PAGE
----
Diagnosis

The list of conditions that should be considered in the differential diagnosis for Crohn's disease is extensive, and is related to the various clinical presentations of Crohn's disease (Table 23.6). A high index of clinical suspicion is crucial if the clinician is to make a diagnosis in the early phases of the illness. Delay in growth is often a clue that the presenting symptoms are not caused by an acute illness.

Clinical suspicion for Crohn's disease

It is important to rule out Crohn's disease in any child with recurrent abdominal pain, chronic diarrhea, weight loss, blood in stools, growth delay, pubertal delay, unexplained anemia and perianal disease. Growth failure can be an important initial clue in suspecting Crohn's disease, since approximately half the children with Crohn's disease have a delay in height velocity prior to obvious intestinal manifestation.118 For patients with abdominal pain or growth delay, accompanying anorexia, change in diet, diarrhea or extraintestinal manifestations should raise the possibility of Crohn's disease. If fecal leukocytes are found in a patient with hematochezia, inflammatory/infectious causes should be considered. Although 20% of patients with Crohn's disease may have a normal ESR, if it is abnormal, this non-specific marker of inflammation may have relevance.

Table 23.6 Differential diagnosis of Crohn's disease

Symptoms

Differential diagnosis

Constitutional recurrent fever, malaise, pallor

Intestinal abdominal pain

collagen vascular disease, infection, malignancy, especially lymphoma lactose intolerance, constipation, peptic ulcer disease, Helicobacter pylori, irritable bowel syndrome or psychosocial stress

diarrhea

infectious colitis/enteritis (Salmonella, Shigella, Campylobacter, Yersinia); immunodeficiency (HIV, primary immune deficiency)

heme-positive stool/hematochezia

ulcerative colitis, infectious colitis including Shigella, Salmonella, Campylobacter, Escherichia coli O157:H7 and amebiasis, Clostridium difficile colitis, CMV colitis, vasculitis, Henoch-Schönlein purpura; juvenile polyp, Meckel's diverticulum, fissure, hemorrhoid

fever, acute severe abdominal pain

appendicitis, diverticulitis, intestinal perforation

perianal disease

histiocytosis, immunodeficiency

Abnormal liver profile

viral hepatitis, toxin, cholelithiasis

Abnormal pancreatic enzymes

idopathic pancreatitis, familial pancreatitis, cystic fibrosis

Growth failure

celiac disease, cystic fibrosis, endocrinopathy (thyroid, adrenal, pituitary, especially growth hormone), anorexia nervosa,

Pubertal delay

anorexia nervosa; bulimia; chromosomal abnormality

Arthritis

juvenile rheumatoid arthritis, acute rheumatic fever

CMV, cytomegalovirus

Findings on physical examination such as pallor and abdominal tenderness are most often not specific for Crohn's disease, but abdominal mass, aphthoid oral ulcers, erythema nodosum, pyoderma gangrenosum, digital clubbing, arthritis, or perianal skin tags are highly suggestive of Crohn's disease.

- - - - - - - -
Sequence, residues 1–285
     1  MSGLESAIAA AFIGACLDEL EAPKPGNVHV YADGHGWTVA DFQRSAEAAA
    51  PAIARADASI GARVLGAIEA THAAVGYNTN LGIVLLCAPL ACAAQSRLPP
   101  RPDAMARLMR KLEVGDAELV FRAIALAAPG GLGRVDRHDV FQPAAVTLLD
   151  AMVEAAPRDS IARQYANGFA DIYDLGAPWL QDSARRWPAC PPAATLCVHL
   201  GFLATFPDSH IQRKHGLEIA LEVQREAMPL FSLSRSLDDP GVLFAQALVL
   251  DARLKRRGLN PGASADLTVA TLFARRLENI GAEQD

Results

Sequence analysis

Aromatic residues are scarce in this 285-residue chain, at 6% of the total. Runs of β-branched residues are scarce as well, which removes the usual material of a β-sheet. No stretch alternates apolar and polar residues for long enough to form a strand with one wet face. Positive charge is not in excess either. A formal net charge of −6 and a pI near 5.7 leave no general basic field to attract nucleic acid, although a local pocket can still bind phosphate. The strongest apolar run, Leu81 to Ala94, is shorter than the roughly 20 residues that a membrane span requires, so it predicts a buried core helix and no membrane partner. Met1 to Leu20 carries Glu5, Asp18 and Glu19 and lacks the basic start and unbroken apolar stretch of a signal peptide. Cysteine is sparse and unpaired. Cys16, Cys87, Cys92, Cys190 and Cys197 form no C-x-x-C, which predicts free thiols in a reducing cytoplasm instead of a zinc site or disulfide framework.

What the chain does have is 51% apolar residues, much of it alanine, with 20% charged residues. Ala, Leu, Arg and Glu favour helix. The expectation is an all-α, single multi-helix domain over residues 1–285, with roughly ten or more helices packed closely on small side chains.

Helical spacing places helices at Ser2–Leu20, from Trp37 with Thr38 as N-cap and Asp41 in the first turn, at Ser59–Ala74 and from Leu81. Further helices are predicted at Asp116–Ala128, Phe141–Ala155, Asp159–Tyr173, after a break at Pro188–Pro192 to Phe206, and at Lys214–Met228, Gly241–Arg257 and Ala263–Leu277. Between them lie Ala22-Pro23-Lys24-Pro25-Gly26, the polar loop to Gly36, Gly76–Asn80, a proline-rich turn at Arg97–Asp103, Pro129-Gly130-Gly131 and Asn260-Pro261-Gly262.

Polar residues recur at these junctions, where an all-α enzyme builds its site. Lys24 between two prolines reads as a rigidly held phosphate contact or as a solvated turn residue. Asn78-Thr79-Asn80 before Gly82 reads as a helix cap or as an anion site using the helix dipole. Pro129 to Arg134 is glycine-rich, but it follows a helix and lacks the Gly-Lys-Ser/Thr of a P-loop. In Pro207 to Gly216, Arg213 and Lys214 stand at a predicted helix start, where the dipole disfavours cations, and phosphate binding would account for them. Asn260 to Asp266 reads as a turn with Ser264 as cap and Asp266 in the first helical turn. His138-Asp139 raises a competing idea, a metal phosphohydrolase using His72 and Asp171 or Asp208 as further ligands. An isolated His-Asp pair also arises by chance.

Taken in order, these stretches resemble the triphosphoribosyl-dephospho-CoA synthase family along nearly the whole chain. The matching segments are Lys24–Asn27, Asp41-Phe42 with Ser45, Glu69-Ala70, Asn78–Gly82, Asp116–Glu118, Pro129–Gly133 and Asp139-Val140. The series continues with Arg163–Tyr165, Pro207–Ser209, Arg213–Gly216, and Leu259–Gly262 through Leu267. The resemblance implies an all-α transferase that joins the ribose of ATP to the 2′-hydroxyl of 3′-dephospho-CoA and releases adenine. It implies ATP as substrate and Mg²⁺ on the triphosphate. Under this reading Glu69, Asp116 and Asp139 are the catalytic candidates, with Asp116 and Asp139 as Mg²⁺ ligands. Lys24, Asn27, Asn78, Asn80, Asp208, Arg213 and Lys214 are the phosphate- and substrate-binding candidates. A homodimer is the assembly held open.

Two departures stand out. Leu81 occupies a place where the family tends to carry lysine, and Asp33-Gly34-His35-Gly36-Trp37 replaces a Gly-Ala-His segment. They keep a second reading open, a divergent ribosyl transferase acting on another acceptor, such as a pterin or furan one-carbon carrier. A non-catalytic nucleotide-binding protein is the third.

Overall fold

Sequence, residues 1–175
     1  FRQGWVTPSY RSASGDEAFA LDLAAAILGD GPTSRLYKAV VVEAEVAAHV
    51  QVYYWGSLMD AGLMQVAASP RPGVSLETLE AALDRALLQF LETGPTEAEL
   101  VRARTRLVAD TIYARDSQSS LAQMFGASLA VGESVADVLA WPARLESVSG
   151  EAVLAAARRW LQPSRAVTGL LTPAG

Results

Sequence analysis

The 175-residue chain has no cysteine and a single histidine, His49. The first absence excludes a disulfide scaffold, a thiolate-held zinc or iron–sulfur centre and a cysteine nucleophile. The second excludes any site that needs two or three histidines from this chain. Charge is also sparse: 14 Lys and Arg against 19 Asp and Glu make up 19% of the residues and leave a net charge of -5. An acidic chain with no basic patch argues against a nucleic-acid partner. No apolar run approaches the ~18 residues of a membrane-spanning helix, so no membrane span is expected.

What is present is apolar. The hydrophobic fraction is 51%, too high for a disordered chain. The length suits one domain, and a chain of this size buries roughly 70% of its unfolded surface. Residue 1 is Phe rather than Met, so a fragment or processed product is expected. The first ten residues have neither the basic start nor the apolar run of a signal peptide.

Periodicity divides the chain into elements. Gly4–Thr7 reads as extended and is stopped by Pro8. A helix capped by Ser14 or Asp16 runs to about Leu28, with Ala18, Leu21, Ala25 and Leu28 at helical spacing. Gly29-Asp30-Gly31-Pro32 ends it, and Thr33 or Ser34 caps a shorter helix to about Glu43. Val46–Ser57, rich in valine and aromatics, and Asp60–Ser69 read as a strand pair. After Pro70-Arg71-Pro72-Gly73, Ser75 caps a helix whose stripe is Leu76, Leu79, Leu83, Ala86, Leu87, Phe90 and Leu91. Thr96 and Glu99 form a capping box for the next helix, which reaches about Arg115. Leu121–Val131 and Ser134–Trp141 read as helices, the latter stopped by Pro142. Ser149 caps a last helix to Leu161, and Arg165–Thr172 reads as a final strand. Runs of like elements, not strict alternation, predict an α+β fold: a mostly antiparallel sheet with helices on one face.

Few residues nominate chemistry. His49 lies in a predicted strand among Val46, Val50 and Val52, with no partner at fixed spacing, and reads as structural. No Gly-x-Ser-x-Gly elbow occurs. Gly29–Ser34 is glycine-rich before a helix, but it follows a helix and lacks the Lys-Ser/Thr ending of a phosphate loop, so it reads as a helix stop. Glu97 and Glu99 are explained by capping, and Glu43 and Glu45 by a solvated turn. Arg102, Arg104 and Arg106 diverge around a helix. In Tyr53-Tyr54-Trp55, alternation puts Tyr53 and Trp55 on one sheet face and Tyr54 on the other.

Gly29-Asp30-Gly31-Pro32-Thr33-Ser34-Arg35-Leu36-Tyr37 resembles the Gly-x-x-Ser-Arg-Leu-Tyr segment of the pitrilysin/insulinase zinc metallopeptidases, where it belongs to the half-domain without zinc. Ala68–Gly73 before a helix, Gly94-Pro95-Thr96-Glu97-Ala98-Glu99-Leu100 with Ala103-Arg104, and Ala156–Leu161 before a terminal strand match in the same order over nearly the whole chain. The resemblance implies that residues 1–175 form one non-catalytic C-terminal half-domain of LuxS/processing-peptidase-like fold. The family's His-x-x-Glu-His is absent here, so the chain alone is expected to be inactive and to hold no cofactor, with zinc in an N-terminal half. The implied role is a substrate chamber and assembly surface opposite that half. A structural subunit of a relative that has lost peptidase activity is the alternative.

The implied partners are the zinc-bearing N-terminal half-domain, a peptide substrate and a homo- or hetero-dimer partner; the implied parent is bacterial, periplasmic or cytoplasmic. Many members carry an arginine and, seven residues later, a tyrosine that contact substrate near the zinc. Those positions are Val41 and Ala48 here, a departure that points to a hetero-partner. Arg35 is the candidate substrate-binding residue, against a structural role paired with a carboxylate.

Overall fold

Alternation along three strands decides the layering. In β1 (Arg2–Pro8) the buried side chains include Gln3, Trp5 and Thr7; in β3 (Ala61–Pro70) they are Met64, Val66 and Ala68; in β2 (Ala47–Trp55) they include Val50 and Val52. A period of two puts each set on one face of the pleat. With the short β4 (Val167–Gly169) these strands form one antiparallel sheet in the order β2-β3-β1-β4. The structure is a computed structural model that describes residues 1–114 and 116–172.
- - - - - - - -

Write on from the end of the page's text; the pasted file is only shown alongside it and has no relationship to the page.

Laboratory studies

A number of laboratory tests can offer useful and supportive information in facilitating diagnosis, although they are generally non-specific. An initial screening evaluation with CBC with differential, platelet count, ESR, serum albumin, stool hemoc-cult test, and stool culture are often obtained. Serum iron studies and serum levels of vitamins A, E, B12 and folate can be helpful in assessing specific nutritional deficiencies.

Serological markers

Several serological markers have been reported to facilitate the diagnosis of IBD and in distinguishing between Crohn's disease and ulcerative colitis. Although these tests may have benefit in some clinical situations, the diagnosis remains to be determined by clinical-pathological criteria. Atypical perinuclear antineutrophil cytoplasmic antibodies (atypical P-ANCA, i.e. not directed against myeloperoxidase) can be detected in 60-80% of adult patients with ulcerative colitis and 10-20% of adult patients with Crohn's disease.138-140 In children with IBD, a positive test for P-ANCA and a negative test for anti-Saccharomyces cerevisiae antibody (ASCA) are indicative of increased likelihood of ulcerative colitis rather than Crohn's disease (sensitivity 57%, specificity 97%).139 Conversely, a negative P-ANCA test and a positive ASCA test in children with IBD are suggestive of Crohn's disease (sensitivity 49%, specificity 97%). The relatively low sensitivities of these serological markers for establishing a diagnosis of Crohn's disease and ulcerative colitis limit their widespread clinical utility.103 Antibody against Escherichia coli outer membrane porin (anti-OmpC antibody) has been reported as a potential serological marker for Crohn's disease. It is a curious finding that the markers that are associated with Crohn's disease are related to a host response to luminal organisms